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The Aristocrats

Review by Michael Jacobson

Stars:  Jason Alexander, Hank Azaria, Lewis Black, Drew Carey, George Carlin, Billy Connolly, Andy Dick, Phyllis Diller, Whoopi Goldberg, Gilbert Gottfried, Eric Idle, Bill Maher, Howie Mandel, Penn & Teller, Paul Reiser, Bob Saget, Sarah Silverman, Smothers Brothers, Jon Stewart, Robin Williams
Director:  Paul Provenza
Audio:  Dolby Digital 5.1
Video:  Full Frame 1.33:1
Studio:  ThinkFilm
Features:  See Review
Length:  90 Minutes
Release Date:  January 26, 2006

"Interesting act...what do you call it?"

Film **

We've all heard of a one-joke premise, and The Aristocrats is that premise personified.  It's a 90 minute documentary about the so-called dirtiest joke ever told.

For those who may not know the joke, here's the basic version:  a guy walks into a talent agent's office and says he has a great act.  He and his family come out on stage, drop their pants, and defecate on the floor.  What is the name of the act, the agent queries?  "The Aristocrats."

For top comedians, and there certainly are a slew of them in this film, the joke isn't so much about the punchline as in the telling.  It's like a modal jazz composition to them...the middle is wide open for them to bring whatever they want to the table.  The longer and more disgusting they can make the joke, the better.  They even speak of legendary sessions where one comic would milk the joke for an hour or better.

It's an interesting concept for a documentary, but one that probably looked better on paper than on film.  You can only hear the same joke so many times in the course of an hour and a half, no matter how well it gets embellished, without wanting to scream "uncle".  I was amused for about the first 30 minutes.  The rest of the way I was checking my clock to see when I could finally stop the disc and start the review.

I suppose there are highlights, but it all runs together so much that it's hard to pick them out.  To hear the comics tell it, Gilbert Gottfried told the all-time best version of the joke at a roast for Hugh Hefner.  And his version is pretty good.  I thought the best one came from my favorite comedienne Wendy Liebman, who offered a most unexpected twist.  Another fellow whom I didn't recognize told the joke while spinning card tricks to great effect.

I used to wonder why anyone ever thought Bob Saget was funny, but I have to confess:  after hearing his version of "The Aristocrats"...I'm still wondering.  His is easily the most painful moment to endure in the film.

The cast of comics is certainly first rate...certainly a who's-who of the funniest men and women working today.  But I guess it didn't occur to anyone to ask the most basic question:  is hearing the same joke over and over again worthwhile entertainment?  The best relief was when Robin Williams and Drew Carey told a completely different entertainment industry joke.  But they could have recited the Gettysburg Address and it would have been just as welcome a relief.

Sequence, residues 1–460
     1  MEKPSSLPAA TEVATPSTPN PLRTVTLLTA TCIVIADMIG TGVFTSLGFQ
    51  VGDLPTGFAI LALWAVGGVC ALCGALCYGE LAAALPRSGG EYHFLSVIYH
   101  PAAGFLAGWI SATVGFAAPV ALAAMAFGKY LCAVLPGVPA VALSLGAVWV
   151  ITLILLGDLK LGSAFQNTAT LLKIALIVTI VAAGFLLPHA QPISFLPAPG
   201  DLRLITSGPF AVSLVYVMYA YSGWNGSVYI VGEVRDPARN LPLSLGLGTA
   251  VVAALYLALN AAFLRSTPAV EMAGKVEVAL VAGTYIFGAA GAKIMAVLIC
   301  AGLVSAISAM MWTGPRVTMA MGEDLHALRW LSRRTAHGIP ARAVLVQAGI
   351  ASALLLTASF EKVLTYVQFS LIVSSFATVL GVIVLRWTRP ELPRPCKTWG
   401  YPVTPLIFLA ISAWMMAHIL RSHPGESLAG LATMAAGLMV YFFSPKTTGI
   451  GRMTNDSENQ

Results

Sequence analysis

There are laughs, but not enough to sustain the running time.  If you've ever wanted to punch a co-worker because he couldn't stop repeating the same joke, this isn't the movie for you.  But it might just be the one for him.

Video **

The film was shot on video, and as such, shows some of the normal limitations of the medium.  It looks perfectly fine given what the material is about...no real complaints, but nothing to inspire.

Audio **

5.1 audio was a nice touch, though a curious one.  You couldn't find a film that required digital surround less than this one.  But the dialogue is all clean and clear, even when the words are dirty...par for the course.

Features ****

This ThinkFilm disc really excels in the extras department...many of them are more entertaining than the picture itself.  For starters, there's an enjoyable commentary from director Paul Provenza and Penn Jillette that's an entertaining listen.

There is a highlight reel of the comics telling the joke, and extended versions of some of the ones in the movie, in case you didn't get enough of that.  Much better is a "Behind the Green Door" segment in which the comics get to tell their OTHER favorite jokes...some priceless ones can be found there.  There is a tribute to Johnny Carson (to whom the film is dedicated), and a look at amateur tellers of "The Aristocrats" who were contest winners.

Summary:

A hundred comedians, one dirty joke.  It sounds like a winning formula, but after seeing the movie, you'll realize that somebody should have left The Aristocrats on the drawing board.

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